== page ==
Trust me it is yellow. The first yellow jersey of the Tour. Note it is a proper jersey and nothing like today's lightweight material that is used.
Yesterdays time trial marked the centenary of the yellow jersey and I thought i would delve through some articles as to why and where the idea came from. The jersey means so much and it is a prize few get to wear and only a select few who wear it in Paris. The race started in 1903 to help boost sales for the L'Auto newspaper. It attracted the imagination of the public and it was common practice to cheat and for spectators to beat up rival cyclists. A cyclist aimed to cover 20 km per hour so a 300 km stage would take them 15 hours back then.The race worked for the newspaper and reached a peak in 1933 of over 600 000 copies sold every day.
1933 tour going up the Tourmalet where they are racing todays stage. It has changed a bit.
Philippe Thys who was a Belgian rider reported that he was offered a yellow jersey in 1913 whilst leading the race but refused to wear it. His reasoning was that it would make him stand out and other riders would be able to recognise him easily and would be a target for frequent attacks trying to dispose of him as the leader. I agree with him as I had no idea that riders literally were attacked and beaten up by rival fans.
In those days it didn't really matter what color your jersey was as part of the course was over mud roads and not like we see them today. With the dirt roads riders were covered in mud and dust which would not make them distinguishable form one rider to the next.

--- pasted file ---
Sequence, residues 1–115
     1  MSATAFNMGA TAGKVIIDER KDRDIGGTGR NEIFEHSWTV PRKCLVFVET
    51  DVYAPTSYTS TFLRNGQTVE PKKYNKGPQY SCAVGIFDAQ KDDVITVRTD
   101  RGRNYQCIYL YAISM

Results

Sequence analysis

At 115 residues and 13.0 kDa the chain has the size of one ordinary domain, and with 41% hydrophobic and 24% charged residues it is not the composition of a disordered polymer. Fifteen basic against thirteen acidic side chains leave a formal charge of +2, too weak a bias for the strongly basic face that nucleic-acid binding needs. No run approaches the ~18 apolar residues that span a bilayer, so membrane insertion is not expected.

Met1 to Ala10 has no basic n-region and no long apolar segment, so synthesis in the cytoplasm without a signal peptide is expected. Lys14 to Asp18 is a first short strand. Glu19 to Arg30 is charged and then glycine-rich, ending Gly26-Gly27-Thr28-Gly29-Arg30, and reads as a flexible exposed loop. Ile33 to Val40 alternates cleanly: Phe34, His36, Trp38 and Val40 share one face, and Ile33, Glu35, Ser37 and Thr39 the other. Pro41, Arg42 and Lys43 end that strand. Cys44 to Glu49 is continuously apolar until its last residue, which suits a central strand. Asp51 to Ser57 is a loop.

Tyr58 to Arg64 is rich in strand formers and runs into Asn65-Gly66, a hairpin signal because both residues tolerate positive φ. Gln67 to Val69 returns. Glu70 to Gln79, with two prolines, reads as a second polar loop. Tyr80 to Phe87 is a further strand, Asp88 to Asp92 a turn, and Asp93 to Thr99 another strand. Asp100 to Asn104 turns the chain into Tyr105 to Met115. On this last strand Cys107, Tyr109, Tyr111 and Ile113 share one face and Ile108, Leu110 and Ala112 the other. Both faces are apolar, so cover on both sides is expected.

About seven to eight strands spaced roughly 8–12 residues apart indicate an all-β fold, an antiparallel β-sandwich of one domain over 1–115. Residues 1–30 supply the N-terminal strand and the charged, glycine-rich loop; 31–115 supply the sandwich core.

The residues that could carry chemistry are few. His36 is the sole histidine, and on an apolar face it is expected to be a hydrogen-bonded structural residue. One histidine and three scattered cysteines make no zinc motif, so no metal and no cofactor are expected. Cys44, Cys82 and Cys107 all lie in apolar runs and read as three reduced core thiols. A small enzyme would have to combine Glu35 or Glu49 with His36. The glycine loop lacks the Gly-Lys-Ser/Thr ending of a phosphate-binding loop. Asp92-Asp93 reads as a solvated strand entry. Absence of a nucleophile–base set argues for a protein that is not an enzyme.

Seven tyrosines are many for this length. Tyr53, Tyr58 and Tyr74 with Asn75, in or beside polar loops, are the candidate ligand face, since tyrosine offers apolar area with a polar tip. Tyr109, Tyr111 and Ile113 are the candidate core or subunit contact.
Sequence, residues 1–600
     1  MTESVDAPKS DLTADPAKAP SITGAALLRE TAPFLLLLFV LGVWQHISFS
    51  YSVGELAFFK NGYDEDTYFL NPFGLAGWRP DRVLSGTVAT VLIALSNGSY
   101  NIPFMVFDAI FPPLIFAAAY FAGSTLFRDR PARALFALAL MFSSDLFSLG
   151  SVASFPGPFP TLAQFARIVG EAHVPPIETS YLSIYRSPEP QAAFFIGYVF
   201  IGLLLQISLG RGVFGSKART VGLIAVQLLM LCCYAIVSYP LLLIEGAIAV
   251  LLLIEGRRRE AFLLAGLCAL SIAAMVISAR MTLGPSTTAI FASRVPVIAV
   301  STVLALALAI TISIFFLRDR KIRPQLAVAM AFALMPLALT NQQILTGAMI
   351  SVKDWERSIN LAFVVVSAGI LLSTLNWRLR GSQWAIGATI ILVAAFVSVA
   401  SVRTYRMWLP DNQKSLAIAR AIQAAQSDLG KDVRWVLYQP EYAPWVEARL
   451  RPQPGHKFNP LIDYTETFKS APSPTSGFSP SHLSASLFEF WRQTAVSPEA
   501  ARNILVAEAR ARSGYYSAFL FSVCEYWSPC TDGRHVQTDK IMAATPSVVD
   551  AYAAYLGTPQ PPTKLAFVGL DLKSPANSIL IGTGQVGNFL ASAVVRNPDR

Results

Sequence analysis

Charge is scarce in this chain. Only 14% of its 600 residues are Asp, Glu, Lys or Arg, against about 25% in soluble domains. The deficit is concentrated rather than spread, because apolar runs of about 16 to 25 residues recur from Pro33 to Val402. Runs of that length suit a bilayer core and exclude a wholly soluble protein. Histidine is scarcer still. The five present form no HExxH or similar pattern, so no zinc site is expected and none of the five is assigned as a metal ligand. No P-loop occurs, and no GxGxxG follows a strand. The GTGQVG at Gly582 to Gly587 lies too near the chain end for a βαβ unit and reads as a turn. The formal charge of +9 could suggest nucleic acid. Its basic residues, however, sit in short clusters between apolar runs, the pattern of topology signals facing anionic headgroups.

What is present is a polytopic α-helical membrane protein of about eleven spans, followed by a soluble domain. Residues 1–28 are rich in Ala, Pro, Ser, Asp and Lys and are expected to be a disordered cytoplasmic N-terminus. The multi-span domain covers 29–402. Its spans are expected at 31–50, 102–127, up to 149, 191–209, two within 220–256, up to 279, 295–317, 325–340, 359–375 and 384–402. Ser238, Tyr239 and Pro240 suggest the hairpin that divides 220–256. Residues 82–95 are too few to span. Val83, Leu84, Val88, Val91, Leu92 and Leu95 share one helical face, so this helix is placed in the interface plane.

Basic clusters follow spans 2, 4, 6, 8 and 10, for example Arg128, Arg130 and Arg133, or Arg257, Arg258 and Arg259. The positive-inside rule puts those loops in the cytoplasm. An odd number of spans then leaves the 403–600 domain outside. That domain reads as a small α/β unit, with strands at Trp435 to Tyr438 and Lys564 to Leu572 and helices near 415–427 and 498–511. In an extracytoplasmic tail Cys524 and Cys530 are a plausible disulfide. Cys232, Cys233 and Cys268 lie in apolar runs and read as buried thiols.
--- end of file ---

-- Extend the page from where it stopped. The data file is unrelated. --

Just after the war in 1919 the cycle industry wasn't quite in full production as yet and the garments worn by the cyclists were all so similar. Light grey was the common color as that what was available then. It was decided that colors needed to be worn by the various category leaders so the public would be able to recognise who was who and it would generate more interest.
L'Auto was the main sponsor of the race and being a newspaper the newsprint they printed on was a mustard yellow. For this reason it was decided that yellow would be the jersey for the general classification leader. This was decided during the 1919 tour and first presented on stage 11. What I found funny was it was presented ahead of the 2 am start of a 325 km leg to Geneva. The jersey was literally a jersey and the first holder complained it was itchy and scratchy and hated wearing it. Today's jersey looks like an ultra light sports shirt.
The 2am start is slightly different from today as with the roads they travel on and the technology in the bikes things have changed massively. The times that the legs take is far quicker and no night riding is required today.